When Christ gives us a particular calling to fulfill, he emphatically does not promise that it will come easy. In fact, it is often precisely the opposite. Difficult obstacles emerge to confirm the genuineness of our calling. The breakthrough will come not in retreat, but in enduring under trial with faith in God’s promises. We may even swell in hope as obstacles increase, anticipating that the breakthrough we need may be near at hand.
My teenage daughter and I burst into tears in worship last weekend. One of our pastors was preaching about the cross. Ellie and I were overcome with emotion as he described Christ absorbing our sin and enduring the wrath of God, all on our behalf.
Why? Why were we weeping with joy and wonder while others felt nothing? Our weeping was a gift from God.
Even if our gospel is veiled, it is veiled to those who are perishing. In their case the god of this world has blinded the minds of the unbelievers, to keep them from seeing the light of the gospel of the glory of Christ, who is the image of God. For what we proclaim is not ourselves, but Jesus Christ as Lord, with ourselves as your servants for Jesus’ sake. For God, who said, “Let light shine out of darkness,” has shone in our hearts to give the light of the knowledge of the glory of God in the face of Jesus Christ. (2 Corinthians 4:3–6)
As we heard the story of Good Friday again that Sunday, we could have felt nothing — blind, dark, unbelieving — but God showed up in our hearts again with light.Beg God for Them
I remember the first time I climbed deep into a cave. Until that day, I had no idea what “pitch dark” really meant. I could hear the voice of my friend who was right next to me, but I couldn’t see him. No matter how hard I tried, I couldn’t even see my hand in front of my face.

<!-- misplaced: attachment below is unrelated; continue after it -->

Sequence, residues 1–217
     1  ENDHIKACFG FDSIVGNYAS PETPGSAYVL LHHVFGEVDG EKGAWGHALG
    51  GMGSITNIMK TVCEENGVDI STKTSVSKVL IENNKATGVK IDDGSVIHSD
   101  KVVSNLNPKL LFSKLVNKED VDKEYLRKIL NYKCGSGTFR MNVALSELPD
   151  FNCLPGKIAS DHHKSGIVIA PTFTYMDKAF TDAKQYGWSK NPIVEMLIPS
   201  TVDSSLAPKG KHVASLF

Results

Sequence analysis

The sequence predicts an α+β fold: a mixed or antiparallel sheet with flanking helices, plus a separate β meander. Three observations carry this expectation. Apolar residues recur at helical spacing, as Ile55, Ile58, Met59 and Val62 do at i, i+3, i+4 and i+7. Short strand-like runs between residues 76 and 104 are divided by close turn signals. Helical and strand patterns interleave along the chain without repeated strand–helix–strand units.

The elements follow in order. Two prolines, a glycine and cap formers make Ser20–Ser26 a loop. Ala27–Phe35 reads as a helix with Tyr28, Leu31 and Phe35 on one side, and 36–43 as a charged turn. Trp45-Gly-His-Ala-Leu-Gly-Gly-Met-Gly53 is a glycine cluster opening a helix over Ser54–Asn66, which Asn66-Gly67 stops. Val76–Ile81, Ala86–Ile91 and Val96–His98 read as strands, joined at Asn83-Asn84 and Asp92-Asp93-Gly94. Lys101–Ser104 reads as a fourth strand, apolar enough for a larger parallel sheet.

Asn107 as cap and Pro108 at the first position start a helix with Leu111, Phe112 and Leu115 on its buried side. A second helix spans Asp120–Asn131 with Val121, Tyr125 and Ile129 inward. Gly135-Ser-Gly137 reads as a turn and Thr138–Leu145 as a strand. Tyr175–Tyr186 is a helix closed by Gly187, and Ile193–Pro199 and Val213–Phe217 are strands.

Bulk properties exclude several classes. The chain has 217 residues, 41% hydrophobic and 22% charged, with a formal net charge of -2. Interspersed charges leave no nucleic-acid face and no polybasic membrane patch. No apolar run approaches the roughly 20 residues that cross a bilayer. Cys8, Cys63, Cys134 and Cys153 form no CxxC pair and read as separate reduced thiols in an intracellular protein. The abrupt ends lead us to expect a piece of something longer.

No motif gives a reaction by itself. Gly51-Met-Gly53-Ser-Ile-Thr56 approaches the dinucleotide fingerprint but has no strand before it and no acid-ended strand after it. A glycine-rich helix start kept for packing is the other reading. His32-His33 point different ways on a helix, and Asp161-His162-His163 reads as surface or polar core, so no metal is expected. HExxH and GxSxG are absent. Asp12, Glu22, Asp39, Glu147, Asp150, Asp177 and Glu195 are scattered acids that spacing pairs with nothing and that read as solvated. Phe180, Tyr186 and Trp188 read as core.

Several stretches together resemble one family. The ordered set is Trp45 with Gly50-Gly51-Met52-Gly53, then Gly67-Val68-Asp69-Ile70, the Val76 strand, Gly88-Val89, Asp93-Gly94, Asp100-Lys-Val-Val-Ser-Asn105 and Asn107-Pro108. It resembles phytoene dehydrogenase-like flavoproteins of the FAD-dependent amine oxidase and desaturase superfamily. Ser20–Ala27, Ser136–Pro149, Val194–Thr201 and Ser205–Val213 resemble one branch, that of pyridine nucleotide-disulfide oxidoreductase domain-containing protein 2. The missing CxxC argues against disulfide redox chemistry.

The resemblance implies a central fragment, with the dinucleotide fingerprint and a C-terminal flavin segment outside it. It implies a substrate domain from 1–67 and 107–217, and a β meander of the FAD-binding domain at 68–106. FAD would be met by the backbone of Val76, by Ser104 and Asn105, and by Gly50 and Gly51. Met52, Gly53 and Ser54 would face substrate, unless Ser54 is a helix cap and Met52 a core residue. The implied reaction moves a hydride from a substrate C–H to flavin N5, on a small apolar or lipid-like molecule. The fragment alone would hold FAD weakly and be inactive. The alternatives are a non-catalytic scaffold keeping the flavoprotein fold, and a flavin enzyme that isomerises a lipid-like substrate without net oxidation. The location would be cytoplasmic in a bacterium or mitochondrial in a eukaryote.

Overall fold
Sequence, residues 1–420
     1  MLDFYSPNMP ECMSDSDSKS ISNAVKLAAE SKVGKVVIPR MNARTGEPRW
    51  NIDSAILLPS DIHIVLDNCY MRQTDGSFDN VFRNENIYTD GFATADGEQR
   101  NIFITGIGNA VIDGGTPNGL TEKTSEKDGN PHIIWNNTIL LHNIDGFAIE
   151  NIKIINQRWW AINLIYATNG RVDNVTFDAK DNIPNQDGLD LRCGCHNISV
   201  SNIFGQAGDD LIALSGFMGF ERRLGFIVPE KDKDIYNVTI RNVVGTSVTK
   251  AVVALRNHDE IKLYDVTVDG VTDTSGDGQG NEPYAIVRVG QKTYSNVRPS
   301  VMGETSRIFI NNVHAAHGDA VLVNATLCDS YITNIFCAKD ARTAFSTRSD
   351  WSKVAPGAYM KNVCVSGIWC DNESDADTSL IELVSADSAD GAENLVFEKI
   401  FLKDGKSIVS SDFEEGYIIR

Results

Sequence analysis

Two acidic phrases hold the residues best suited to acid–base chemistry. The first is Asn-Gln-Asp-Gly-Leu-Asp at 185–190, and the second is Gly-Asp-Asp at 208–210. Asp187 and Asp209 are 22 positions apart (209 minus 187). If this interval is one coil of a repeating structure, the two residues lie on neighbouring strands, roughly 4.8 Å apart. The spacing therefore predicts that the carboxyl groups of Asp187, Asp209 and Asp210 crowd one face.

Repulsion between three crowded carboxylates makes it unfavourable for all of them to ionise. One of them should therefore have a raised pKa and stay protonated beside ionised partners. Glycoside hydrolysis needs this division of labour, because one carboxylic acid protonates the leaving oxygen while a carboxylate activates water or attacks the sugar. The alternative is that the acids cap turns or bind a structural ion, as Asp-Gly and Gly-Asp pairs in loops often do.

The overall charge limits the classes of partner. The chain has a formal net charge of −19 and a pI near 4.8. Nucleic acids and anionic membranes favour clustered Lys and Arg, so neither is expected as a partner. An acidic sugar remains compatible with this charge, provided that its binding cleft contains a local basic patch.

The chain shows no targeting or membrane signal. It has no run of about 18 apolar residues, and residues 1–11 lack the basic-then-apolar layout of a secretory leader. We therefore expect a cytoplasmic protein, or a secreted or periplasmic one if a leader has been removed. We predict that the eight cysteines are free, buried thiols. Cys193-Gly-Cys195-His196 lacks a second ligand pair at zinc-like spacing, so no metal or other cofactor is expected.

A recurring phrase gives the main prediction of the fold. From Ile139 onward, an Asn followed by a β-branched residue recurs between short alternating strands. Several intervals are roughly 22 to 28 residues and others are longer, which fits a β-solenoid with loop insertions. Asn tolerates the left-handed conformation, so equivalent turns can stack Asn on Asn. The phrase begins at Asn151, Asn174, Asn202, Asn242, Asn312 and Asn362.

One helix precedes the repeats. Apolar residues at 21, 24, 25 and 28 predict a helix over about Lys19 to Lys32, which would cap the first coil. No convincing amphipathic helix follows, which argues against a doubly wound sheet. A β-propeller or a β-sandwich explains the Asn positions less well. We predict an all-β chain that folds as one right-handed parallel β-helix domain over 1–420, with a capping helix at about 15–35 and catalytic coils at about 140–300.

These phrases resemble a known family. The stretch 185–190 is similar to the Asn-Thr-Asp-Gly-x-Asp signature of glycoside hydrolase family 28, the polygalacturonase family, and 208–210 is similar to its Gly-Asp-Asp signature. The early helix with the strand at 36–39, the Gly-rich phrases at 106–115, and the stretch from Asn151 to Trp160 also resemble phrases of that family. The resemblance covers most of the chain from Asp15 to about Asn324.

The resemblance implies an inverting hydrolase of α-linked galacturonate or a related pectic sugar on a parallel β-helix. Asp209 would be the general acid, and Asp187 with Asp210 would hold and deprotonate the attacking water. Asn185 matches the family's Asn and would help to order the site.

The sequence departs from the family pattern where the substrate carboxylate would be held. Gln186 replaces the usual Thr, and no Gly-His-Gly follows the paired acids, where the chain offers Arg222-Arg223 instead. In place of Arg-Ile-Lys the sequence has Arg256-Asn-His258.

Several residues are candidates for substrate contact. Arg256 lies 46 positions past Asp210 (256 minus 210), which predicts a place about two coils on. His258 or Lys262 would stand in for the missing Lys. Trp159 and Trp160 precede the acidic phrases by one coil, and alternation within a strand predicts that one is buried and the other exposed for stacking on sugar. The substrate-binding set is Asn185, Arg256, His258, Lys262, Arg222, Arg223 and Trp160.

Then my friend turned on his flashlight. Everything changed. Darkness was gone, and the cave was visible and beautiful. This is what the apostle Paul describes in his letter. We all walk in complete spiritual darkness unless God decides to shine his light on us. In some mysterious way, God shines light in a person’s heart so that he instantly sees the beauty of the gospel. No amount of human effort can produce this. Salvation is a miracle of God.
Many of us would say that we believe this theological truth, but our actions betray us, revealing just how much we trust in people, speeches, and events. On more than one occasion, people have begged me to speak to their lost friends, believing that my words would make the difference. Too often, I have granted their wish (rather than correcting their theology), and tried desperately to come up with the perfect words to talk their friends into falling in love with Jesus. Do you see yet how ridiculous this is?
Paul tells us in 2 Corinthians 4:4 that Satan has blinded these people. Apart from God’s working, our begging someone to see the beauty of Christ is as pointless as begging a blind man to enjoy the beauty of a sunset. Do we direct our begging, first and foremost, to God?My Thirty-Year Prayer
Jesus tells us the parable about a persistent widow to remind us that we “ought always to pray and not lose heart” (Luke 18:1). There is tremendous power in perseverant prayer. God is not like us; he is not bothered by his children asking for the same thing over and over. He is pleased by the faith demonstrated when we pray and pray for someone to be saved.
When I love particular people deeply, it’s natural to persistently pray for them. I think it would actually require more effort to refrain from praying for them. My best friend in college decided that he didn’t want to follow Jesus. It broke my heart. Ken and I went our separate ways, and our lives went in opposite directions. I never stopped praying for him though — I couldn’t. Whenever Ken’s name would pop into my mind, prayer was my natural reflex.